Story URL: http://news.medill.northwestern.edu/washington/news.aspx?id=79453
Story Retrieval Date: 5/22/2013 5:17:01 AM CST
Photo courtesy of VetDogs
WASHINGTON – They’re lean, they’re mean, they’re highly trained fighting machines. And they like to play fetch in their down time.
Hundreds of military dogs have been deployed to Iraq and Afghanistan, assisting in mine and bomb detection. They have proven highly successful at protecting U.S. troops from enemy forces, but their abilities also extend to protecting troops on the front lines and at home from the stresses and fall-out of war. Here’s a breakdown of how man’s best friend is helping protect and rehabilitate our troops.
Dogs on the frontlines:
The history: The use of dogs in combat is definitely nothing new. Large dogs were used thousands of years ago by the early Greeks and Romans to intimidate their enemies. But the U.S. did not actively use dogs in military maneuvers until World War II after the attack on Pearl Harbor.
According to the Military Working Dog Foundation, the American Kennel Club mobilized patriotic dog owners across the U.S. to donate quality animals to the military, forming the Canine Corps, or as it would later be called, the K-9 Corps. More than 19,000 dogs were procured by the military between 1942 and 1945, and the animals were used as sentries, scouts, messengers and mine locators.
U.S. military dogs proved so successful that the Army later used 1,500 dogs in the Korean War, and employed about 4,000 dogs during Vietnam.
Today, the American military reportedly has several hundred dogs deployed to Iraq and Afghanistan, working as patrol dogs, mine and explosives locators and drug detectors.
The training: One of the major military animal training centers is located in Texas at Lackland Air Force Base, where the 37th Training Wing oversees the Military Working Dog Program.
The program obtains dogs from U.S. and European breeders and the Department of Defense breeding program, according to Senior Airman Candace Romano of the 37th Training Wing Public Affairs Office.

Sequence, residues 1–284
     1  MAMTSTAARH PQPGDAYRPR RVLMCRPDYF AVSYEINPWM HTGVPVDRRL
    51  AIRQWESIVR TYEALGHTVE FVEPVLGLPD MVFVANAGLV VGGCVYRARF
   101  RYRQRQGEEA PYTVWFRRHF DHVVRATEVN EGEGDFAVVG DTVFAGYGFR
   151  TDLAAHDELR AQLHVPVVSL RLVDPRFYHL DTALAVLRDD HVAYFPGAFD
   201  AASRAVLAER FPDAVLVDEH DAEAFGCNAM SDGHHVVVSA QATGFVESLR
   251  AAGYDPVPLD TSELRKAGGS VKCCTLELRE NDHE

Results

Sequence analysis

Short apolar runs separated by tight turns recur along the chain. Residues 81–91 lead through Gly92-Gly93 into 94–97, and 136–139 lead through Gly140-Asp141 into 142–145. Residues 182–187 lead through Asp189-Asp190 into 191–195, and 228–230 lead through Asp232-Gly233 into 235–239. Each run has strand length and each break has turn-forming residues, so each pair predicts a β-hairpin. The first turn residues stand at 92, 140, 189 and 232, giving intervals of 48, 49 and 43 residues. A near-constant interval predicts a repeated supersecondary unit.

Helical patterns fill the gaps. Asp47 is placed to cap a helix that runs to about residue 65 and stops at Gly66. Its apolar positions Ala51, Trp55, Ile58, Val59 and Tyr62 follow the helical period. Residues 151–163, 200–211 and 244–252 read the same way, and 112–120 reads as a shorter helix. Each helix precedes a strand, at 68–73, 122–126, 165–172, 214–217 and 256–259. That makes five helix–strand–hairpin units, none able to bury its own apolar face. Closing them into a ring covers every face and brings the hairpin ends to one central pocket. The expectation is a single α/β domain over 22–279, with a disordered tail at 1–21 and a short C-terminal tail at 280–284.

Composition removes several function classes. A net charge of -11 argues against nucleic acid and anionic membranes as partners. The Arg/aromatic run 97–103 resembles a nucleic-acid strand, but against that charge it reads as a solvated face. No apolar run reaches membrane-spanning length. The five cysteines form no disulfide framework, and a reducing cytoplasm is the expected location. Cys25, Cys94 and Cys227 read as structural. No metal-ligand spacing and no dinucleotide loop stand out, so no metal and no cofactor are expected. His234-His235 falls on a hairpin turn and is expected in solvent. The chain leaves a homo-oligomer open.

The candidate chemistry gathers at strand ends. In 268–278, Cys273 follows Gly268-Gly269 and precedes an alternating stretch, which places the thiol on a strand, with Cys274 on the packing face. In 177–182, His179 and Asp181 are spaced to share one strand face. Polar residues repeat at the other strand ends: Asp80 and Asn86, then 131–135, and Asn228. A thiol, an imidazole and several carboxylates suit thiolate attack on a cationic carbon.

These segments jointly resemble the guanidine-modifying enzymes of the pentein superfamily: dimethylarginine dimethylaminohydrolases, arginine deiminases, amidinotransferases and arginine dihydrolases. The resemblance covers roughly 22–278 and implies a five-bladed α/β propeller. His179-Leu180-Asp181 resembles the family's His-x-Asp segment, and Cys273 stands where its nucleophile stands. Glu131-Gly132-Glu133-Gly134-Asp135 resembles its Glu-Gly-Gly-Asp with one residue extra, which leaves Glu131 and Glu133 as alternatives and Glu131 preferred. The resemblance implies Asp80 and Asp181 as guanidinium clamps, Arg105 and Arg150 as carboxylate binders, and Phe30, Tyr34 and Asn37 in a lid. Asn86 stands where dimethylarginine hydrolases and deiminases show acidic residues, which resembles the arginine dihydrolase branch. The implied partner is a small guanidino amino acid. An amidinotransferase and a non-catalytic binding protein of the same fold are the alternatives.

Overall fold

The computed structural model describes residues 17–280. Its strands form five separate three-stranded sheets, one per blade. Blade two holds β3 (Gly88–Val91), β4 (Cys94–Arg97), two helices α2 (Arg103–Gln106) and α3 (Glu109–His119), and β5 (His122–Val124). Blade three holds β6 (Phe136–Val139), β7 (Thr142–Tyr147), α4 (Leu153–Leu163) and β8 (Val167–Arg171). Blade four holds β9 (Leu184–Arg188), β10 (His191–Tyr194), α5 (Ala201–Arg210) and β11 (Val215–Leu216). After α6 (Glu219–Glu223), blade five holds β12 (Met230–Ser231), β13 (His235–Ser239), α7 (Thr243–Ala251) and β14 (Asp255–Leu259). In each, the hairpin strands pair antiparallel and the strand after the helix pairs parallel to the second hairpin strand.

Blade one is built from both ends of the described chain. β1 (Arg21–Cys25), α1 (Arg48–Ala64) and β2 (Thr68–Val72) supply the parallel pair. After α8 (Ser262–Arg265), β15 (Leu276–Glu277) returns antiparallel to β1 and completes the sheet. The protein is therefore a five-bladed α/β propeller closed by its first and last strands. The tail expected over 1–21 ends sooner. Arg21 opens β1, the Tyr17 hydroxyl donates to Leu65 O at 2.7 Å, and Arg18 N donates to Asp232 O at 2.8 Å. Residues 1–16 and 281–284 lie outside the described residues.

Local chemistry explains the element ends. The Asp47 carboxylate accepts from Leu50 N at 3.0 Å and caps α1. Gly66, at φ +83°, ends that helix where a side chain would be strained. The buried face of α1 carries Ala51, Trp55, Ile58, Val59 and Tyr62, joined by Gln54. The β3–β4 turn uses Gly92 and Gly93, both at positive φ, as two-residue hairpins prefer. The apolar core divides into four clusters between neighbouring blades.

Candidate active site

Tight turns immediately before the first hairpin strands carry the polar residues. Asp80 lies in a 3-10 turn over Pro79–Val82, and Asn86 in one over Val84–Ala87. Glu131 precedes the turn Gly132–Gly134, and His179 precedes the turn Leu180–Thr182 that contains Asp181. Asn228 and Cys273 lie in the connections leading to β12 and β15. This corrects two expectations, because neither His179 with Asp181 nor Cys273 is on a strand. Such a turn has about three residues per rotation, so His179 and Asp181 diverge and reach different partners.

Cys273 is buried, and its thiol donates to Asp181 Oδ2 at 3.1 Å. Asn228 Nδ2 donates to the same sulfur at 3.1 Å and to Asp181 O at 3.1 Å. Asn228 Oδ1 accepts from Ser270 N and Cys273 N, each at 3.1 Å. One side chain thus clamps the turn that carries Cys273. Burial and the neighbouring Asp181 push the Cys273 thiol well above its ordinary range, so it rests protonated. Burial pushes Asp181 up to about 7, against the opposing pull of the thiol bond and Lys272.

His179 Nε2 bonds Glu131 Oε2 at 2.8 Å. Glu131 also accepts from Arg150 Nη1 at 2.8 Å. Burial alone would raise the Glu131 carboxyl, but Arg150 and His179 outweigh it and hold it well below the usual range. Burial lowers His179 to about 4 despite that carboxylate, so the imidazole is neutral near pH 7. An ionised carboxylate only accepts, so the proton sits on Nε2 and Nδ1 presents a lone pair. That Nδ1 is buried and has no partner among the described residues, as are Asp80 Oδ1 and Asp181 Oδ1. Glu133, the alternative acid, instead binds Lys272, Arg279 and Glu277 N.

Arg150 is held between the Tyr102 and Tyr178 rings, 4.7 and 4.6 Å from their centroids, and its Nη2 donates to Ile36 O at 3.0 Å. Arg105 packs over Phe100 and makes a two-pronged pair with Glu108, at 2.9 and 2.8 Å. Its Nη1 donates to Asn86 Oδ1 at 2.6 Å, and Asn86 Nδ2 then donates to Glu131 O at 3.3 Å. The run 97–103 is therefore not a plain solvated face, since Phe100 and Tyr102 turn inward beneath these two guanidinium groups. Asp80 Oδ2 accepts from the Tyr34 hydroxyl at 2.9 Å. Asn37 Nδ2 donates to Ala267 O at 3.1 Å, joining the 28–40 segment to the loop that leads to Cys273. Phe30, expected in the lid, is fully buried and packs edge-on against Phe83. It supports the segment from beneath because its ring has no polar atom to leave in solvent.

The great majority of U.S. military dogs are German and Dutch shepherds, and Belgian malinois bred for their size, intelligence and loyalty.
“Every dog considered for the program is required to pass a rigorous consignment test and medical examination,” said Romano in an e-mail.
“The dogs are tested for reward, drive, environmental capacity, defense against threat, gunfire tolerance and strength of bite,” said Romano. “In addition, the dog must perform detection capability tests.”
Training takes on average 120 days and it costs $12 a day to maintain each dog. In the Air Force, the typical single deployment (depending on the mission) lasts six to 15 months, and the average working life of a war dog is eight to nine years.
A vital part of training, according to Army Sgt. Harold Corey in a Department of Defense article, is to make lessons both challenging and fun. Treats work in the beginning, but overall the dogs want to play.
“A dog is like a 5-year old child. To get a kid to do something, you make it fun,” Corey wrote in the article. When the dog finds the object of his search, be it explosives or drugs, he is rewarded with playtime.
The training often is even more rigorous for the dog’s handler. To qualify, military service members must be senior airmen or higher, have at least 33 months in service and complete an 11-week handler’s course. Handlers work at least 12-hour days and weekends during training to bond with their dogs and become a successful team ready for combat.
And successful they are. According to Corey and the Department of Defense, military dogs are a force multiplier. “They can do the searching of five or six soldiers and do with their nose what a solider has to do by prodding and digging. They make the job easier.”